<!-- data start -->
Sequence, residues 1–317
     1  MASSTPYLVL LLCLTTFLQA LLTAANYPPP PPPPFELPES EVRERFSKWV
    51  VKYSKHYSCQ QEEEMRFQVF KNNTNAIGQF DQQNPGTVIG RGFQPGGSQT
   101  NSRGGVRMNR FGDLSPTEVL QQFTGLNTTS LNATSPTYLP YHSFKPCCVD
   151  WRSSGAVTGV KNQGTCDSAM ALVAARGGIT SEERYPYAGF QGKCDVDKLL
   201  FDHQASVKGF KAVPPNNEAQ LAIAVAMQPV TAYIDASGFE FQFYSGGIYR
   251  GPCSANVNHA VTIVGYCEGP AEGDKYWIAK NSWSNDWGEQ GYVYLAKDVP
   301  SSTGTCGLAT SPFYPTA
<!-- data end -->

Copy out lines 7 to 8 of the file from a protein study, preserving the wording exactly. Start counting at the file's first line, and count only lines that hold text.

   251  GPCSANVNHA VTIVGYCEGP AEGDKYWIAK NSWSNDWGEQ GYVYLAKDVP
   301  SSTGTCGLAT SPFYPTA